Globally, thirteen percent of women’s deaths due to pregnancy and childbirth are caused by clandestinely performed abortions. Twenty million “unsafe” abortions occur annually, causing an average of 67,000 women to die from the dangerous methods and complications. An additional eight million women suffer from long-term health effects such as secondary infertility, prolonged weakness, anemia, and chronic inflammation. Three million of these women will never be treated. The five million women who are hospitalized for their injuries cost the government’s a yearly 460 million dollars (12). The Heartbeat will inflame this issue, metaphorically costing hundreds of thousands of woman’s families and loved ones, as well as draining the literal financial resources of the government.

There is a clear emotional tie that many women have to this issue, including myself. I remember learning that my great-grandmother was left motherless at age three because her mother accidentally killed herself during a self-administered abortion. She had already delivered seven children while living in immense poverty. I often think about how her pain spilled into the next generation, how the lack of healthcare impacted the women in my family. I have also lived in rural and impoverished areas most of my life and have grown up surrounded by stories about women who suffered from a lack of adequate resources for simple healthcare. These stories were often intrinsically tied to stories of domestic violence, abuse, neglect – stories that carried the stigma of shame. There were stories of alcoholic and war-shaken fathers.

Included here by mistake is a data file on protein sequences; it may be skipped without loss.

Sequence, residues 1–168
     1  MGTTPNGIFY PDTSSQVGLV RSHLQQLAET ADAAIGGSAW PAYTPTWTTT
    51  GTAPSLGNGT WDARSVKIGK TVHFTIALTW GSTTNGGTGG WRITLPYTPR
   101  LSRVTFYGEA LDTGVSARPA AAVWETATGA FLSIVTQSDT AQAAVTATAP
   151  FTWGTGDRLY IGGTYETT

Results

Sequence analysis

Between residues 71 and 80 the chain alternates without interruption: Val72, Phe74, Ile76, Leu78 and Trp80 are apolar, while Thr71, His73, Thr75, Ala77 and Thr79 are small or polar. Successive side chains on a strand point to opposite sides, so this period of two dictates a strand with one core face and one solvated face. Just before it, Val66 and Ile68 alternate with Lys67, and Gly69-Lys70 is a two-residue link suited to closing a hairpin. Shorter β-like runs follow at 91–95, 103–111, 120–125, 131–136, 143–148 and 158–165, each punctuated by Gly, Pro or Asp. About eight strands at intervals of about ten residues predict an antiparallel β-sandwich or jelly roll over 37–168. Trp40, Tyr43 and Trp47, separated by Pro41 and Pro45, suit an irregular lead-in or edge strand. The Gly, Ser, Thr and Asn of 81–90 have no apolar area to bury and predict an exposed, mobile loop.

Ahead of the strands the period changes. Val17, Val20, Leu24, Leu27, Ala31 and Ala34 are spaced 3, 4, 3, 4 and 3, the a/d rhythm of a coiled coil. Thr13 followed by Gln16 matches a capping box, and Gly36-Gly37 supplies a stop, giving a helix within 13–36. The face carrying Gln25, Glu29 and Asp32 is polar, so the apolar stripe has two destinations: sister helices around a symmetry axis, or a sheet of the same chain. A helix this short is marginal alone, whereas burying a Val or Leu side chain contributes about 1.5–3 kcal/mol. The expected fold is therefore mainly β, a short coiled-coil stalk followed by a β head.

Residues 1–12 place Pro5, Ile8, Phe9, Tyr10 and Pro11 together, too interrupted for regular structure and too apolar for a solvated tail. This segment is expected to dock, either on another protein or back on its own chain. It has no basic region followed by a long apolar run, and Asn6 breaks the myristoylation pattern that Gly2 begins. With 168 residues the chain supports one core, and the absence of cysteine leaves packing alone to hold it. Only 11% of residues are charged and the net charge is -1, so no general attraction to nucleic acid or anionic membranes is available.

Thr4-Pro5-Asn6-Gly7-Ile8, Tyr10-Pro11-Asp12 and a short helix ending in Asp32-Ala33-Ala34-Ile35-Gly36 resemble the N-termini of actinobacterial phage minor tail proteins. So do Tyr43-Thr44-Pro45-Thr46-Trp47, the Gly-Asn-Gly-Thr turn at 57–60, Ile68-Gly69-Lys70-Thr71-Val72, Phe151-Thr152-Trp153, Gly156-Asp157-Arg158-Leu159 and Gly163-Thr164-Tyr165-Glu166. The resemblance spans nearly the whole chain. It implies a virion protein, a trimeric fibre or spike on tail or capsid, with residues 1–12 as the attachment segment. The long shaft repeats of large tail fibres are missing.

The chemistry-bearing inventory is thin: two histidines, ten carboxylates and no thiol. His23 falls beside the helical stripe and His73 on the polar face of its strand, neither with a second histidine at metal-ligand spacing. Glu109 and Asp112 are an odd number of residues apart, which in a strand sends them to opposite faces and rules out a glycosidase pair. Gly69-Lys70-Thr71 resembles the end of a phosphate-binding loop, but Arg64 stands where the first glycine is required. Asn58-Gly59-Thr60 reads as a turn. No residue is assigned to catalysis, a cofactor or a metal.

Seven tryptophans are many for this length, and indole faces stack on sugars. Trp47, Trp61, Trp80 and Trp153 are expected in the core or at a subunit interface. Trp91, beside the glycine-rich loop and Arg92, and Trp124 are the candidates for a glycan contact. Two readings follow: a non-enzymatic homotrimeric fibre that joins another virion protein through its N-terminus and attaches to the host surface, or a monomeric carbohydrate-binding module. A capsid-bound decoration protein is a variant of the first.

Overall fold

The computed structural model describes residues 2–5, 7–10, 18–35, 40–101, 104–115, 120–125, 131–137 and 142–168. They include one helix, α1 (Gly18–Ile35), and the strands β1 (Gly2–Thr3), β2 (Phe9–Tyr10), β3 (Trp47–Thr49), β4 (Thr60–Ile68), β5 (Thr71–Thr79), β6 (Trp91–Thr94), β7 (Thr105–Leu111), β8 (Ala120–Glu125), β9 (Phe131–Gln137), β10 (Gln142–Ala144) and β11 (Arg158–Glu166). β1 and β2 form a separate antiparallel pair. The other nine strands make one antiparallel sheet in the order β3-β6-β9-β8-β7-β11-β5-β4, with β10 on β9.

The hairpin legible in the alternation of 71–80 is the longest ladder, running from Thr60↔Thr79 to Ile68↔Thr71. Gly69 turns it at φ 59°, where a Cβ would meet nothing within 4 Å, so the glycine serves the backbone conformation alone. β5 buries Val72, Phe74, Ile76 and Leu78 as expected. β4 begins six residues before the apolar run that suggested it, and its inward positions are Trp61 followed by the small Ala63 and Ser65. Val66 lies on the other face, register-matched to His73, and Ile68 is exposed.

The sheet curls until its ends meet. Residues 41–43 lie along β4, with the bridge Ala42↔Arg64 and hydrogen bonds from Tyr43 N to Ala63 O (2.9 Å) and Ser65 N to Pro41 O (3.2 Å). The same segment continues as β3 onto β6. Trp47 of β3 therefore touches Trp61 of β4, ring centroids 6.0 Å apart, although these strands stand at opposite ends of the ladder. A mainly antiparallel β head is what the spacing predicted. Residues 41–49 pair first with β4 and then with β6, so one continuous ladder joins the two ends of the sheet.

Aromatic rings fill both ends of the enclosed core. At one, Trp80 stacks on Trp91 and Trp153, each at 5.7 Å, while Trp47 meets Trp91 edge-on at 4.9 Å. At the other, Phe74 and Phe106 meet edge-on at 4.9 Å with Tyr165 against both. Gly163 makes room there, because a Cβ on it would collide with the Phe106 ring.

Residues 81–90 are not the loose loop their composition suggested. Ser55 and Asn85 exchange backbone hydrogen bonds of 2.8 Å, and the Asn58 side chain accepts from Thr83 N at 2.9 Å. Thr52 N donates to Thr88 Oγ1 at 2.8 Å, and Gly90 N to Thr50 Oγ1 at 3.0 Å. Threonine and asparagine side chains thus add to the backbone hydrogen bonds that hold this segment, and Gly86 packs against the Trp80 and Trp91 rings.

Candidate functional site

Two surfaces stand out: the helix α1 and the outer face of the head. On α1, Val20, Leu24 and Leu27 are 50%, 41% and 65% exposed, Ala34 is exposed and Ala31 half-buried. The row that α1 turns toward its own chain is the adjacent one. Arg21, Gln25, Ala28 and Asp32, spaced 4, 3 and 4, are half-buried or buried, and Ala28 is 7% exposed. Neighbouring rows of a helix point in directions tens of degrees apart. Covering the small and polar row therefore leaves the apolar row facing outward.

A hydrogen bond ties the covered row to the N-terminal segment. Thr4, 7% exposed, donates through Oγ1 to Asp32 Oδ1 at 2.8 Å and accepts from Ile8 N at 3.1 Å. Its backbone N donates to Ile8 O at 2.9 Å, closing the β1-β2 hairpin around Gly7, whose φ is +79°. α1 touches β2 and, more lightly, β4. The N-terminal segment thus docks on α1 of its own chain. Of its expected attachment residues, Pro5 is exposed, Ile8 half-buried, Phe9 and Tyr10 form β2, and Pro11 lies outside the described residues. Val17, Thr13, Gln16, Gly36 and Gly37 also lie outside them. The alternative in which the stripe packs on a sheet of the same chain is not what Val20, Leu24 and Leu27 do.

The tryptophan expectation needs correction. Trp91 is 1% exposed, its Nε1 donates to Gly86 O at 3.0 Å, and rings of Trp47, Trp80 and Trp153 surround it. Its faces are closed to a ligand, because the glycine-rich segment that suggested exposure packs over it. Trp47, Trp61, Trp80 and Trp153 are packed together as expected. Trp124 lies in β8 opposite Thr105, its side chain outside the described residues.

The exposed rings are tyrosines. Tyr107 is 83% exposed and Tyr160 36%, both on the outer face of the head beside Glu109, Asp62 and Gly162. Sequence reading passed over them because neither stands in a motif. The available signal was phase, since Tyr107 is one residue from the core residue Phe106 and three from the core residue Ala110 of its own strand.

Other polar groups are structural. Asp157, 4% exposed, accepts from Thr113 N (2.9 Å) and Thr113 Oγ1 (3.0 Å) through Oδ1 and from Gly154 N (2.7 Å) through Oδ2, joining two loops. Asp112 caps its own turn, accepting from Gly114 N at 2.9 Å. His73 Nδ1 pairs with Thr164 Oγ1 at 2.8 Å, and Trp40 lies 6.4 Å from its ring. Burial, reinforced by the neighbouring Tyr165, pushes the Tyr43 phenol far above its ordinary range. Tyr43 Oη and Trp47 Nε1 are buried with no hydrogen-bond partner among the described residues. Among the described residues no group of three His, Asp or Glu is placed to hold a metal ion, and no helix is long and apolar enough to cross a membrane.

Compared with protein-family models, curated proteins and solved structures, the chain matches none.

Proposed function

Stories of violent mentally-ill mothers. Stories of sexually abusive boyfriends. These stories surrounded me in my childhood and continue to surround me today – sometimes I am completely drowned in them, fully submerged in this deep darkness and pain. It’s horrifying to see similar stories to that of my great-great-grandmother in peers my age, in women this year, here and now. This pain can not continue, not in women I love, not in the country that I love, and not within me. Abortion is a human right, abortion is a civil right, and it is our duty as patriots and as citizens of the United States to protect that intrinsic right and to defend our people from undue oppression.

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Abortion is a Human and Civil Right. (2021, Jan 26). Retrieved from https://studymoose.com/abortion-is-a-human-and-civil-right-essay